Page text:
I remember Bernard going to a different studio and playing his parts to this song after he'd actually split from the band as a fulfilment of contractual obligations.

Asphalt World - this was the centrepiece of Dogmanstar; a song that captured the beauty of deviancy in a way that i'd always knew we could . it's elegant , epic and sexual and as we discussed is virtually a page torn directly from my diary of the time. 'she's got a friend, they share mascara i pretend' is for me the key line in the song. i love the way you have to wait for the second verse to get this and all of a sudden when it's delivered the, listener understands what the song is about. the themes of sexual jealousy and arousal never become too overt as to be salacious but sit stealthily within the song's epic frame, commanding the listener's complete attention.
I suppose the music has an almost Pink Floyd like quality in places, the sense of a musical and textural journey . i'd always loved stuff like Saucerful of secrets and The Dark Side of the Moon so i loved the musical parallels i saw in this,but i was just never going to write a lyric like Roger Waters . Yes, the vocal performance was recorded the day i read Bernard's interview in Vox . one of the amazing things about being a song writer is that you can literally achieve alchemy. i took all of the pain i was feeling at that moment and channelled it into my delivery. Whenever i sing the song now i'm always, always utterly, utterly engaged with it and in the moment. i still find it so emotionally consuming.

Still Life - The housewives of Sleeping Pills return to the stage extending the themes of isolation that i had been weaving through the album since We Are The Pigs ( and for that matter weaving through Suede songs since He's Dead) . This song was written very early on and almost made it onto the debut album... but we were just never quite sure how to arrange it. It's a simple story of someone waiting in vain for their lover to come home, sat by the window wondering who the approaching set of head lights belongs to. I suppose i cast myself as the housewife in this song and remember accessing a lot of latent pain in order to summon up the bleak imagery.
There's a definite Scott Walker influence here and i was definitely trying to stretch myself as a vocalist , the move up an octave during the third verse being a testament to that. Looking back i think we possibly went too far and the song would have been more powerful without the OTT coda but i suppose it was conceived very much with the album's journey in mind and as such provided an eloquent end point.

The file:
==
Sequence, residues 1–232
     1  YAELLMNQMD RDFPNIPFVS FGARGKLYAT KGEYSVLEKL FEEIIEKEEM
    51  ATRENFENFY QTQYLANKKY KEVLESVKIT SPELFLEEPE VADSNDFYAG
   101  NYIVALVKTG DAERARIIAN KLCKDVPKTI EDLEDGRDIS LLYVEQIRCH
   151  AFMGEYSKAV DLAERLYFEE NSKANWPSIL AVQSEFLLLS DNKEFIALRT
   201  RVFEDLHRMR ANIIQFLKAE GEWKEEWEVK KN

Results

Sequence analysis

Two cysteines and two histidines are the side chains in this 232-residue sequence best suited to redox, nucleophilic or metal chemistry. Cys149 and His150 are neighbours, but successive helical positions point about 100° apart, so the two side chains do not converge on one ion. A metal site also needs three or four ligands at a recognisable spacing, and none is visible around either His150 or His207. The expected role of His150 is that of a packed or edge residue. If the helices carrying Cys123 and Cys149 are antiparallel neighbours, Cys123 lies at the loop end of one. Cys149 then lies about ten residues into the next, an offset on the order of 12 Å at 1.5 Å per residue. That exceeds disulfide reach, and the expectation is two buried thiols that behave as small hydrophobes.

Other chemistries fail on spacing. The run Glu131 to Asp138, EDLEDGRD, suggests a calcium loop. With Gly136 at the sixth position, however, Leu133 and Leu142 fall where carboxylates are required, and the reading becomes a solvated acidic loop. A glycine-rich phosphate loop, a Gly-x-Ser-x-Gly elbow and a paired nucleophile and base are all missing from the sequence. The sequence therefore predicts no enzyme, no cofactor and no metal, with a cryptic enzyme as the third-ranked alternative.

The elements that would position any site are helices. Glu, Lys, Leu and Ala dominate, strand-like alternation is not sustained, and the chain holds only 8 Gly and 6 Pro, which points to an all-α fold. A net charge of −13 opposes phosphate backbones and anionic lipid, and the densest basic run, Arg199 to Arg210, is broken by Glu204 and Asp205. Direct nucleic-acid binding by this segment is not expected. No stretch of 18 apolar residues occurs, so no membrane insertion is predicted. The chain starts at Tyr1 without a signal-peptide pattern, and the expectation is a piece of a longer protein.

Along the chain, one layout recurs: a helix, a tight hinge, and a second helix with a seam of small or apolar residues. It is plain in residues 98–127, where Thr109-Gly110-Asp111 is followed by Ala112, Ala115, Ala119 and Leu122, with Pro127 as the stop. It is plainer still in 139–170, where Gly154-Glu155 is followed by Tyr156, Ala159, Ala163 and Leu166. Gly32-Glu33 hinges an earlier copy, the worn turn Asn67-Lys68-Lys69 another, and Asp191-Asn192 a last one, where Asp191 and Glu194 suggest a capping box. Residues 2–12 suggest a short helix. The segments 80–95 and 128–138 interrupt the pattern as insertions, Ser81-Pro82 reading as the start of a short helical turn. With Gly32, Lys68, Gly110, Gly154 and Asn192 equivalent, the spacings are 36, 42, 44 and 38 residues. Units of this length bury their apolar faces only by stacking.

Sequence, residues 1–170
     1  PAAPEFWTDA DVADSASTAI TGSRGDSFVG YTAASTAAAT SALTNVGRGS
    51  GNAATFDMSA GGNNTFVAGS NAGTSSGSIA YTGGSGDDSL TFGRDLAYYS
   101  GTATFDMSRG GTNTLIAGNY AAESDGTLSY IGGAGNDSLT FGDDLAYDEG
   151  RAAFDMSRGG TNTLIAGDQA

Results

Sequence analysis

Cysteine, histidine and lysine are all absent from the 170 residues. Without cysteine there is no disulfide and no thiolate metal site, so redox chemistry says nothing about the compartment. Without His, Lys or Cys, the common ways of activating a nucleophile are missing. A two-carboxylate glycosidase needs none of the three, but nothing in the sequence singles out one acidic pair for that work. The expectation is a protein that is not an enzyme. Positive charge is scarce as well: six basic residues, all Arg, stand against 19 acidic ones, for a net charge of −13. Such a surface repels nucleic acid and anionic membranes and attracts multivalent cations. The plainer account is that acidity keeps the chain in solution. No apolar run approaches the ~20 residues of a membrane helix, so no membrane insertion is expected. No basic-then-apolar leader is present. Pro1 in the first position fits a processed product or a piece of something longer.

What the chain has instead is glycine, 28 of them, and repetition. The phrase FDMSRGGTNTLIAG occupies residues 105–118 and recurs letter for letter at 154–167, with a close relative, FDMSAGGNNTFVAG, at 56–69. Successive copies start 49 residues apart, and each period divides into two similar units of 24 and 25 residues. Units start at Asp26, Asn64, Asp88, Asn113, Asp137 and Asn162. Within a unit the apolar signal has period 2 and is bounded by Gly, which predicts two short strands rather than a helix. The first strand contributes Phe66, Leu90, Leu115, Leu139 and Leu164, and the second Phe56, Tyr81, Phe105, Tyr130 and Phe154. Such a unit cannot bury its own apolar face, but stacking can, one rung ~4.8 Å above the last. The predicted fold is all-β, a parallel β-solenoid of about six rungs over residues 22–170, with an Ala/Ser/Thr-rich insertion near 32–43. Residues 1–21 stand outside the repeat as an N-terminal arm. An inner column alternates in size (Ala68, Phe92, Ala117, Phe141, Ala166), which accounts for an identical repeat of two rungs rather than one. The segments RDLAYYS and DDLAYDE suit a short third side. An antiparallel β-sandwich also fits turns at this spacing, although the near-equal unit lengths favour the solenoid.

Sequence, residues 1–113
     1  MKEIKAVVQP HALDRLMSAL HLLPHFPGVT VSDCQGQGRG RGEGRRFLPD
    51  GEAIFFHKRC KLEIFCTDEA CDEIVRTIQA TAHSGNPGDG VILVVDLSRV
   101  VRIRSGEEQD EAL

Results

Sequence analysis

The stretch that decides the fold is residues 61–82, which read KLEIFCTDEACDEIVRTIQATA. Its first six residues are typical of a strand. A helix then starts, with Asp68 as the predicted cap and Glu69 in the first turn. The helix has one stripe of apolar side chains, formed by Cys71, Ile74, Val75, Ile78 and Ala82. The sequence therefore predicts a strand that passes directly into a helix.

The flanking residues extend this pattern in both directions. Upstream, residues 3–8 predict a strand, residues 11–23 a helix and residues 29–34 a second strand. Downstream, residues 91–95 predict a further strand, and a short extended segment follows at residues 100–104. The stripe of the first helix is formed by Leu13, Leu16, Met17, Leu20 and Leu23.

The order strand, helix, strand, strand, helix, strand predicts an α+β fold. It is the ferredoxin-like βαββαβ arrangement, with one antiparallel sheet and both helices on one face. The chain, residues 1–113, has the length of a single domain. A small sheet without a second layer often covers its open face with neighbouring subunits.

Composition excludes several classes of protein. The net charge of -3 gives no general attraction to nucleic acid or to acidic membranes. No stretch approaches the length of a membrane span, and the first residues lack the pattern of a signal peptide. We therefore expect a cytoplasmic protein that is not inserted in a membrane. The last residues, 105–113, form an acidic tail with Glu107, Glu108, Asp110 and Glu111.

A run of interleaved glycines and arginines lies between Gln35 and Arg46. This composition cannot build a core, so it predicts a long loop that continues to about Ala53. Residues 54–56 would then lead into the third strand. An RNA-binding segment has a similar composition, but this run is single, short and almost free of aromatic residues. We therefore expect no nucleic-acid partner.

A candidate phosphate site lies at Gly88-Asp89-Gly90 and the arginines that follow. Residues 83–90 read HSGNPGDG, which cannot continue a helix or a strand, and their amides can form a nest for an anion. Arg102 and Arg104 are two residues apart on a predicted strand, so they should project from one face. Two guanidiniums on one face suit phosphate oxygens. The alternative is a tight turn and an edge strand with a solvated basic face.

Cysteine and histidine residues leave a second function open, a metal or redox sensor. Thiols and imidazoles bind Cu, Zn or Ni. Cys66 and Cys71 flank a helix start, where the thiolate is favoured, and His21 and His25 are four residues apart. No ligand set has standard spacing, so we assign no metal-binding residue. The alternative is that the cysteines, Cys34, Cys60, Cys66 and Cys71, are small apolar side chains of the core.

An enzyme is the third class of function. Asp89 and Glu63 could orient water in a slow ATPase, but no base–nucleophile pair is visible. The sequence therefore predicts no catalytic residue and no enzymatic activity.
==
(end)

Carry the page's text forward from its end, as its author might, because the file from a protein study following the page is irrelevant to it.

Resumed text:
Re: DOG MAN STAR - TRACK BY TRACK BY BRETT
Posted by: Jackie
Date: May 20, 2011 04:31PM
wow!! I'll fetch my cassette and put it in my walkman - :)
Re: DOG MAN STAR - TRACK BY TRACK BY BRETT
Posted by: sextius
Date: May 20, 2011 04:44PM
Yes, wow! Thank you for posting this:)
Re: DOG MAN STAR - TRACK BY TRACK BY BRETT
Date: May 20, 2011 04:53PM
WOW!

What a great pre-gig treat!



she will come from Argentina With her cemetery eyes
Re: DOG MAN STAR - TRACK BY TRACK BY BRETT
Posted by: awesome bunny
Date: May 20, 2011 05:24PM
Bruno will get a STIFFY.



Re: DOG MAN STAR - TRACK BY TRACK BY BRETT
Posted by: skylineswine
Date: May 20, 2011 05:32PM
Thank you for this! Really interesting.
Re: DOG MAN STAR - TRACK BY TRACK BY BRETT
Posted by: Jackie
Date: May 20, 2011 05:56PM
it's great listening to the album and reading the explanations to the songs. It's like discovering it from a new angle. It's OK imagining stories around songs that one listens to, but getting the perspective from the people who wrote those is even better.

Even without the explanations, it's a very listenable album. The vocals are fantastic and unique, and this is probably one of the aspects why I like all the other albums with Brett singing. I let my impressions sink in, and then I resume listening to the second side of my sleeveless cassette. Lost that sleeve many years ago, and that is why I had this album earmarked to buy as a re-issue. The explanations sold the album to me in 2011.
Re: DOG MAN STAR - TRACK BY TRACK BY BRETT
Posted by: grapevine
Date: May 20, 2011 06:14PM
No way is Still Life overproduced! It makes it!
Re: DOG MAN STAR - TRACK BY TRACK BY BRETT
Posted by: Joe Col
Date: May 20, 2011 07:26PM
This is great. Thanks for taking the time to do this.
Would be nice to have something like this for the other albums, as well, if your time allows.



Joe Col: Respected Member of the Suede Forum since 1958.
Re: DOG MAN STAR - TRACK BY TRACK BY BRETT